cyber crime
Cyber intelligence specialists at Google have identified what is known as an "advance persistent threat" (APT), or a group of bad actors who have been connected to potentially criminal activity online. Halfpoint Images/Gettyimages

Experts claim that a group of accused cybercriminals has been targeting American businesses and government organizations on behalf of the North Korean government using a variety of methods.

An "advanced persistent threat" (APT), or a network of bad actors linked to possibly illegal internet activities, has been uncovered by Google's cyber intelligence specialists.

The group, referred to as "APT43," is thought to be supporting, and possibly affiliated with, North Korea's main foreign intelligence service through espionage directed at foreign government agencies, private companies, and educational institutions worldwide.

This is according to a recent report from Google Cloud's cyber intelligence arm Mandiant.

"Although the overall targeting reach is broad, the ultimate aim of campaigns is most likely centered around enabling North Korea's weapons program, including: collecting information about international negotiations, sanctions policy, and other country's foreign relations and domestic politics as these may affect North Korea's nuclear ambitions," the report found.

During early 2018, analysts noticed a flurry of activity from APT43, with efforts concentrated on spear-phishing campaigns intended to collect sensitive user data.

This strategy uses "social engineering," in which the bad actor interacts and makes an effort to build rapport with actual people in an effort to obtain important information, ABC News reported.

In one case, APT43 was observed attempting to establish a relationship with a potential victim by impersonating a journalist with an email titled "Request for comments" and questions about geopolitical responses to North Korean military expansion.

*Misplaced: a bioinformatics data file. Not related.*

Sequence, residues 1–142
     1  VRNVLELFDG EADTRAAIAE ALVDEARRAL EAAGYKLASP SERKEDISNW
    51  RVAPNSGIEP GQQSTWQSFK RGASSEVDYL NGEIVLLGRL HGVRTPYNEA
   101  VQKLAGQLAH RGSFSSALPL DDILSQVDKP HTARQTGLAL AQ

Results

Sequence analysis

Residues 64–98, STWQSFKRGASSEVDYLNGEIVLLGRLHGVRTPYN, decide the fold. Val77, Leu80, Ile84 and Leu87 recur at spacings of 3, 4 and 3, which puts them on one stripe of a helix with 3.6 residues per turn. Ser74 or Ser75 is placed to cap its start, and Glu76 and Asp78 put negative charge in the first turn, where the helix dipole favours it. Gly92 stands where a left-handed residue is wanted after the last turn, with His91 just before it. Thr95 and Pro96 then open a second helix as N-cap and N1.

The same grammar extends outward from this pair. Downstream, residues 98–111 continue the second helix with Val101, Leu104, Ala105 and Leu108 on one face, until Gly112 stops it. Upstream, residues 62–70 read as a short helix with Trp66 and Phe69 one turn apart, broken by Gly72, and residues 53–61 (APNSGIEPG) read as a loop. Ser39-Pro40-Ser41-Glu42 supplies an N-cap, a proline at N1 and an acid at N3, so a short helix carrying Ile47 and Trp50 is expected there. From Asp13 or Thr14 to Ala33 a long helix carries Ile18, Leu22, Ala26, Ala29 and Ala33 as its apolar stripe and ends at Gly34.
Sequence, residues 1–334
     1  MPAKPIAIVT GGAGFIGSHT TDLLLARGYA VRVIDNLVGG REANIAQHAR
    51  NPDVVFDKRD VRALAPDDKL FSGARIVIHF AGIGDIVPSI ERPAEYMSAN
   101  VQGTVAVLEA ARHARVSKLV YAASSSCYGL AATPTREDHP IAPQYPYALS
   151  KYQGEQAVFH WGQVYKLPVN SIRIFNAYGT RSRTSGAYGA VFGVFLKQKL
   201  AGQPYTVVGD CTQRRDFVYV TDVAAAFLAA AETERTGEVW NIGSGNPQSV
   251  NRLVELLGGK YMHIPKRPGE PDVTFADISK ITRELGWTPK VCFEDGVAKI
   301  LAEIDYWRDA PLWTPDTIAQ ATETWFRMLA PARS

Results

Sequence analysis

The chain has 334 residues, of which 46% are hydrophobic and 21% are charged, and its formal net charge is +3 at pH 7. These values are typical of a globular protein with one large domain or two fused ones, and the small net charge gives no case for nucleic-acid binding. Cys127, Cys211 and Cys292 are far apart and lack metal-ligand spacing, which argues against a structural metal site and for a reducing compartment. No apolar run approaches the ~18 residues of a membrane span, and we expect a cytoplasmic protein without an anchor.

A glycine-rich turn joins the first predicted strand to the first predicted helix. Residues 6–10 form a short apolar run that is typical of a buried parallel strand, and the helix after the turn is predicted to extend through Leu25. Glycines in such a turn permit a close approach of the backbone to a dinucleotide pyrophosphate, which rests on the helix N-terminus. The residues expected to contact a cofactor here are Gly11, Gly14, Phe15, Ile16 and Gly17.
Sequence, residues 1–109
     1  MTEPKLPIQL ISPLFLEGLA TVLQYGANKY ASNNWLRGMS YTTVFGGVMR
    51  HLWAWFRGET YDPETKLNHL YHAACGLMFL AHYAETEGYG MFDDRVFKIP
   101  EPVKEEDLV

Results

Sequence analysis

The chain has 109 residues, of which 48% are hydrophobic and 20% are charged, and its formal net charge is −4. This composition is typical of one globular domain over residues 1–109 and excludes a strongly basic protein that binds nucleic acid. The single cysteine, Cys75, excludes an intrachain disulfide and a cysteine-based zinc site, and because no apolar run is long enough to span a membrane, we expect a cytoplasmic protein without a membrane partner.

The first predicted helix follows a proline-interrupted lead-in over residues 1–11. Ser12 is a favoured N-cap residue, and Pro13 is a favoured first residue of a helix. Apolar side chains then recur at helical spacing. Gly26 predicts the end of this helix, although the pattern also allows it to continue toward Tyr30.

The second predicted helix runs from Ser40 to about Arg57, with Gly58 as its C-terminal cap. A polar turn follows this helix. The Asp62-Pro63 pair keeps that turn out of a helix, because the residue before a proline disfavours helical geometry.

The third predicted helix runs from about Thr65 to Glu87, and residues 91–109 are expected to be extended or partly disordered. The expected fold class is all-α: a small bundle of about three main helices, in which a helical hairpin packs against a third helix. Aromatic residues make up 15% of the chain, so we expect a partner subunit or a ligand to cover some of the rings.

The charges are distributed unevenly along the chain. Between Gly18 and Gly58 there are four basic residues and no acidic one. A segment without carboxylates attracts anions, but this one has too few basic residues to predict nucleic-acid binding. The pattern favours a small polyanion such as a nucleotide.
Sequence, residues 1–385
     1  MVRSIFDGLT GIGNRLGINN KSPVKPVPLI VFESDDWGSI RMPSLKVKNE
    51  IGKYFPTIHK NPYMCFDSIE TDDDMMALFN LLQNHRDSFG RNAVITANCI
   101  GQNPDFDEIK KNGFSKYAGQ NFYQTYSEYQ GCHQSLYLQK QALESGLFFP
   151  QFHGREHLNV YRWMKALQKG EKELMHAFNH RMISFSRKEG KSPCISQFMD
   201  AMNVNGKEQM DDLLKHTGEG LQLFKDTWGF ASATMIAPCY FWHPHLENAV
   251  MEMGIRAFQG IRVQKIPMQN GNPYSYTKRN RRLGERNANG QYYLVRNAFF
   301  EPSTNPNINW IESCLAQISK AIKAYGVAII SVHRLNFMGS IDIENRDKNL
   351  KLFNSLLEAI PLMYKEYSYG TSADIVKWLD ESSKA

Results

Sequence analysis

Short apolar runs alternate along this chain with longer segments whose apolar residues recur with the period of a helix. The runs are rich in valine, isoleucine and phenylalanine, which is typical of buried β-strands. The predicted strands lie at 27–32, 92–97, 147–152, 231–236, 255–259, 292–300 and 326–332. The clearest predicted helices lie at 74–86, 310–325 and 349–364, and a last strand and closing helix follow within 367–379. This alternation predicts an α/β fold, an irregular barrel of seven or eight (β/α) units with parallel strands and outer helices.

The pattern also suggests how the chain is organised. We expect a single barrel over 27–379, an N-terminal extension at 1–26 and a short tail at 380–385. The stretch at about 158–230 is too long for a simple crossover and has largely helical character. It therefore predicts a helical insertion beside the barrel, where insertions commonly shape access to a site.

The investigation revealed that the gang steals and launders cryptocurrency to fund these endeavors.

Once the currency is stolen, typically by harvesting private online user information, the group was observed laundering the assets through websites that generate new forms of crypto for a fee.

According to experts, this procedure successfully breaks the link between the open source and the initial payment.

"Put another way, imagine you stole millions of dollars in gold, and while everyone is looking for stolen gold, you pay silver miners with stolen gold to excavate silver for you," Mandiant Principal Analyst Michael Barnhart said.

"Similarly, APT43 deposits stolen cryptocurrency into various cloud mining services to mine for a different cryptocurrency. For a small fee, DPRK walks away with untracked, clean currency to do as they wish."

Mandiant's newly released report is in line with strategies established by the Biden administration's top cybersecurity officials to encourage information sharing about cyber threats.

TikTok is one app that, in the opinion of a very senior official, could be a security risk. Director of the Cybersecurity and Infrastructure Security Agency Jennifer Easterly testified before lawmakers on Tuesday that she is in favor of outlawing the Chinese-owned social media giant, which has aggressively embraced short-form video sharing and has dubbed anything similar a "huge, huge risk."

Despite the likelihood of the threat, Easterly expressed skepticism over the feasibility of a total ban in the United States.

Experts believe that geolocation data on the open internet can be changed and scrambled using virtual private networks and other cyber techniques, making a U.S. prohibition challenging.

CISA, one of the leading agencies working to establish cybersecurity reporting norms and standards, will work to help victims of cybercrime and strengthen vulnerable institutions, Easterly vowed.

The director said CISA is working to improve its own "visibility into the overall ecosystem" of cyberattacks while acknowledging the agency's limitations.

Easterly referenced her time in the private sector where the "return on investment was things not happening."

"So you know at a broad level, bad things not happening is hard to -- hard to measure," Easterly said. "So what we want to do is get more granular with the visibility what we've gotten out of that [budget] to say this is how we've reduced the incidence of bad things happening."

Easterly herself, as well as cybersecurity authorities, have highlighted concerns about the daily influx of assaults coming from abroad.

In an effort to combat these dangers, CISA publishes cybersecurity road maps to aid industry and government in lowering risks, including by sending security specialists to assist state and local governments directly.

Rep. Andy Harris, R-Md., pressed Easterly on whether CISA had any hand in suppressing reports about the laptop that belonged to President Joe Biden's son Hunter.

The director quickly refuted the claim, pointing out that she wasn't in her current position at the time and outlining the disinformation work the agency should do to support local governments.

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